What exactly is behind the process of ageing? More importantly, can we slow things down a bit?  The popular science magazine, Scientific American, describes ageing as the result of “the accumulation of random damage to the building blocks of life … that begins early in life and eventually exceeds the body’s self-repair capabilities.”

DNA damage

Ageing can mainly be blamed on damage to our DNA. DNA is deoxyribonucleic acid, the molecule that makes up our genes. It holds the information for making proteins, the basis of our bodies and life processes. When we are young, our DNA is generally healthy and functions smoothly.

However, the DNA molecules in the nucleus of every cell are constantly bombarded by damaging stimuli – autoimmune responses, pollution, ultraviolet radiation, cigarette smoke, trans fatty acids, cytokines, free radicals, bacterial or viral antigens, and many other stressful factors.

Some of these stressors come from the environment and some from our own bodies. Either way, these assaults cause some of the bonds in the DNA molecules to break. Faults can also occur in the process of cell multiplication.

DNA repair mechanisms

Every cell in our bodies has defences to counteract these breaks (or “lesions”) and to repair the DNA.  A powerful set of enzymes (endonucleases, exonucleases, polymerases and ligases) work together to remove lesions in DNA. As long as repairs happen as quickly as damage occurs, no permanent harm is done.

The rate of DNA repair is now known to be a reliable predictor of lifespan. Scientists have shown that an animal’s lifespan is predicted by its ability to carry out DNA repair. Rats, for example, live only a couple of years; humans, who live much longer, have 16 times the DNA repair capacity of rodents.

Accumulating damage

However, when the damage happens at a faster pace than the repair, accumulated harm becomes apparent. With each subsequent cell division, defects are copied to the next generation of cells, and the next, creating a proliferation of faulty DNA.

Even a slight change to the DNA may have a negative effect on the body. Since DNA contains very specific sequences of nucleotides, which code for specific proteins, the loss or addition of a single nucleotide may lead to the non-production of an essential protein or substance. It may even activate malignant cellular processes.

Nuclear factor kappa B

While several factors play a role in DNA damage, Researchers have found that there is a protein complex – called NFkB (Nuclear factor kappa B) – which may be key to controlling it. NFkB regulates a variety of cellular responses, including immune and inflammatory responses, cell survival and cell protection.

It is when the NFkB misfires that things go wrong; it may be implicated in cancer, inflammatory and auto-immune diseases, viral infections and a growing list of other ageing-related disorders. For example, if NFkB in the skin is activated after sun exposure, wrinkles may follow, even melanoma. If it is activated in the lungs after exposure to cigarette smoke, emphysema or lung cancer may develop.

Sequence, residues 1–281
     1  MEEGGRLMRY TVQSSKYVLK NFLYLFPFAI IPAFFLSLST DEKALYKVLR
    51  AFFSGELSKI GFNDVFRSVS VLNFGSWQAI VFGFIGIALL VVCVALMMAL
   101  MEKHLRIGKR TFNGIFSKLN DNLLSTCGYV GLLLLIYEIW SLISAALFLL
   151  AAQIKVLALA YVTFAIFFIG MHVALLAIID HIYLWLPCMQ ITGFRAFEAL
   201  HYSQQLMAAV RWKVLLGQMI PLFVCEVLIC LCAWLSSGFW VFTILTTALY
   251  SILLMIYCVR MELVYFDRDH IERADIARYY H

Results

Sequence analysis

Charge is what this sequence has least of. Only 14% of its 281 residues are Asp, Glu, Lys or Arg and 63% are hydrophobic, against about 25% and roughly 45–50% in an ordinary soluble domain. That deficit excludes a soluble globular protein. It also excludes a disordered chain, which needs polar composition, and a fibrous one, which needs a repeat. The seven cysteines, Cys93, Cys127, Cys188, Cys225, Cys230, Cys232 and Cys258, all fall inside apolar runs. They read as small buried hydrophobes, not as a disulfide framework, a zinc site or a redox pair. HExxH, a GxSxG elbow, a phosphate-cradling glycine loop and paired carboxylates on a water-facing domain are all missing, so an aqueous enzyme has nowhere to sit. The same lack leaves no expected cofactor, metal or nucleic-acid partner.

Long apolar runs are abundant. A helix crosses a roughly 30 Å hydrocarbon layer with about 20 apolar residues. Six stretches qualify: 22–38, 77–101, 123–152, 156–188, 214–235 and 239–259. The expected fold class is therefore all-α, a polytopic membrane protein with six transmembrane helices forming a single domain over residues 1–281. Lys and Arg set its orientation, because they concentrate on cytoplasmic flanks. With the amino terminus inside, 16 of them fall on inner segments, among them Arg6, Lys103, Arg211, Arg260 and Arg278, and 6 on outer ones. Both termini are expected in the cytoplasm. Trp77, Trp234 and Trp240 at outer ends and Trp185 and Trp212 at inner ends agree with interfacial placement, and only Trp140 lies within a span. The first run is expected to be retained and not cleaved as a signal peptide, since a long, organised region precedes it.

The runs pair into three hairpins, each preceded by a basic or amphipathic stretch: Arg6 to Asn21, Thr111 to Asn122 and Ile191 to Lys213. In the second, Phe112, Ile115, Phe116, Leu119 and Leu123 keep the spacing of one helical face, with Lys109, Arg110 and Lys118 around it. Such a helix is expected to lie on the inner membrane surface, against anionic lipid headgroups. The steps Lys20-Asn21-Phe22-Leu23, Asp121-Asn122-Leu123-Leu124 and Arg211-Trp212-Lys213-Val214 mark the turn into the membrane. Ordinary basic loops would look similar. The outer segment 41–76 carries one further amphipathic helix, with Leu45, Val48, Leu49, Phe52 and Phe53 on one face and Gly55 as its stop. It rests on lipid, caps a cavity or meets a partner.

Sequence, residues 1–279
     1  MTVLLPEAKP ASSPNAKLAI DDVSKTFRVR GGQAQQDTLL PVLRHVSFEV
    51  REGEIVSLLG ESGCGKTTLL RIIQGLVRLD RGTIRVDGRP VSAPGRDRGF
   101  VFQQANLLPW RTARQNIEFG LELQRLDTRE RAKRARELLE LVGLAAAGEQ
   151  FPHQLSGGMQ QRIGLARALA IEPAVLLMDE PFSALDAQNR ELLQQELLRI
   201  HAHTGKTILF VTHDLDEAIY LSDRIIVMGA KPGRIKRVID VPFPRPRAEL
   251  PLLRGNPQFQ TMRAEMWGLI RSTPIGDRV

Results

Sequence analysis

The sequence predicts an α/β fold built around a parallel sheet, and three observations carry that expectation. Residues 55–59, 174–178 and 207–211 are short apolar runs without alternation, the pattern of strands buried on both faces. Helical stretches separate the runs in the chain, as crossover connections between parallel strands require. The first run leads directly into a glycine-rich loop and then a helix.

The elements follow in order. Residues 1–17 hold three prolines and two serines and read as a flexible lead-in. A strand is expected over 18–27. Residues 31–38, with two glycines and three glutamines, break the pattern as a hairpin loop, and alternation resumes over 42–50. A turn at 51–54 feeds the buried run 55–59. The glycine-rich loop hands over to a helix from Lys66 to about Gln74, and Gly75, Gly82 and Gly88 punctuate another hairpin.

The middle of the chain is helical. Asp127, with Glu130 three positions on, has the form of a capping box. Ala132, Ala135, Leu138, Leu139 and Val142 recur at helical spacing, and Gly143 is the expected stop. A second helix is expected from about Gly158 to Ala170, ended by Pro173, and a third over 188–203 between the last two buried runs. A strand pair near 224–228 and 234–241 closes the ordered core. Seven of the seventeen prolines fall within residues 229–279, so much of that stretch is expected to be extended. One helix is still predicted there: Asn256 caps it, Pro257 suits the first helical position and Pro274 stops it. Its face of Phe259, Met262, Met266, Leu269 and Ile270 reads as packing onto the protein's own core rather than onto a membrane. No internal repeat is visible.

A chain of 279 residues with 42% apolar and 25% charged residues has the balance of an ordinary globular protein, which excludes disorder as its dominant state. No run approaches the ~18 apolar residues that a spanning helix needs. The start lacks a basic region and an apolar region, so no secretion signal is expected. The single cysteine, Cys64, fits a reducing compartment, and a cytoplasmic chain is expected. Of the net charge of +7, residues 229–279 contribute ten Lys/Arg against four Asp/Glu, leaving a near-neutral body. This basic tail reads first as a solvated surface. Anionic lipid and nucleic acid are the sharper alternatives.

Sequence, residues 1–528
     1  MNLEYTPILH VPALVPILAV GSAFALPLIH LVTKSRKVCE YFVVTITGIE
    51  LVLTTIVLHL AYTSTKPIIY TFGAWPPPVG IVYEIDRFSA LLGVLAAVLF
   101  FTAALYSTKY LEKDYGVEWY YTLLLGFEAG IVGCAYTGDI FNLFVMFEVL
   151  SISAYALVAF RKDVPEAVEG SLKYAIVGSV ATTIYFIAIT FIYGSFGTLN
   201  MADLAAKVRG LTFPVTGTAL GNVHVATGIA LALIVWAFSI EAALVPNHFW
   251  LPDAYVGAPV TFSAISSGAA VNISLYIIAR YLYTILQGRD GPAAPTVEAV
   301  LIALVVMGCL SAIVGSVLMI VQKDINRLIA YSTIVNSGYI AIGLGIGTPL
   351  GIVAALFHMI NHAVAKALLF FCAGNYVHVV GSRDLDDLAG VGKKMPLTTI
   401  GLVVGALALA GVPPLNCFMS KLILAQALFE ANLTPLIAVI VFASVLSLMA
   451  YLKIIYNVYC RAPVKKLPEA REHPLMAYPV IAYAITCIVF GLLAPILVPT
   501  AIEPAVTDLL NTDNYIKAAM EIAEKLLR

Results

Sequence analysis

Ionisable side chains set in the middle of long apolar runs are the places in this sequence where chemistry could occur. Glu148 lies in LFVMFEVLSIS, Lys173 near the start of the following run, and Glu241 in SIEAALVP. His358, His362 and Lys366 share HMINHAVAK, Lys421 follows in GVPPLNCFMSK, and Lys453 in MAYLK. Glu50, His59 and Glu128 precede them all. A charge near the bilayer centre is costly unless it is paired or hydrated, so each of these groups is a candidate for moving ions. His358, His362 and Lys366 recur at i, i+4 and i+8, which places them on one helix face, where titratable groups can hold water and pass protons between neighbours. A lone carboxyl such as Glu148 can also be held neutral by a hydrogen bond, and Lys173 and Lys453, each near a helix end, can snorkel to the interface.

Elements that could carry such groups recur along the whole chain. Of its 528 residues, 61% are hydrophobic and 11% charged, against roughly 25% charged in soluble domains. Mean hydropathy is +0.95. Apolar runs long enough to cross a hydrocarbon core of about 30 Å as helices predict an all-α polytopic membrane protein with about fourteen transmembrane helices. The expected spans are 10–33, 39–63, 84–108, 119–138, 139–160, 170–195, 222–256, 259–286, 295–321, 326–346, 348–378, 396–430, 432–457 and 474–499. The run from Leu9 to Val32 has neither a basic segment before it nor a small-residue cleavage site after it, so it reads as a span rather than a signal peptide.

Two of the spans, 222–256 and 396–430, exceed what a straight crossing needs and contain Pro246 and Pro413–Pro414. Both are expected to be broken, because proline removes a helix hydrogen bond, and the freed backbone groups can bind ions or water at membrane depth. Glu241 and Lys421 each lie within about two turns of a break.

What can you do?

Anti-ageing medicine is a fast-growing discipline. Money is poured into research in an ongoing search for a product to stop the clock and prevent the diseases of ageing. Scientists have accumulated the evidence required to connect many of the dots between random damage, DNA, the body’s self-repair capabilities, degenerative disease and ageing. The ultimate goal, of course, is enhanced DNA repair.

However, the ageing process is not yet fully understood, and scientists may never discover the magic formula to prevent it.

In the meantime, there are measures that can slow the process of ageing:

    • stop smoking,

    • exercise regularly, including both cardio- and resistence-training. Cardio exercise is great for your skin, eyes, brain and heart, whilst resistance training is good for stopping age-related muscle wasteage, has demonstrated benefits for the brain, and improves HGH (human growth hormone) production. HGH has been dubbed by many health experts as life's 'elixir of youth'.

    • take a multivitamin

    • take an omega-3 supplement for brain, heart and eye health

    • use sunblock to protect your skin against UV exposure.

    • moisturise

    • improve your diet. Focus on increasing your intake of antioxidant rich foods such as acai berries, blueberries, dark chocolate, coffee and dark fruit & vegetables. Reduce your intake of processed foods, saturated (bad) fats and eliminate any excessive alcohol use.

Although we cannot stop the creep of time, we can do something about how well we age. It’s important  to focus on extending our “healthspan”, rather than our lifespan: living healthily, with a good quality of life, for as long as possible.

According to Dr Michael Elstein, Australian anti-ageing expert and author of the e-books Eternal Health and You Have the Power, our bodies produce fewer hormones which is thought to be one of the primary causes of ageing.

His tips for staying young include following a healthy diet and exercise plan, supplementing your diet with vitamins, minerals and antioxidant supplements, enrolling in an anti-ageing programme and to have a positive attitude at all times.

Source: Scientific American, June 2002, “No Truth to the Fountain of Youth” by S. J. Olshansky , L. Hayflick, B. A. Carnes

Image via Thinkstock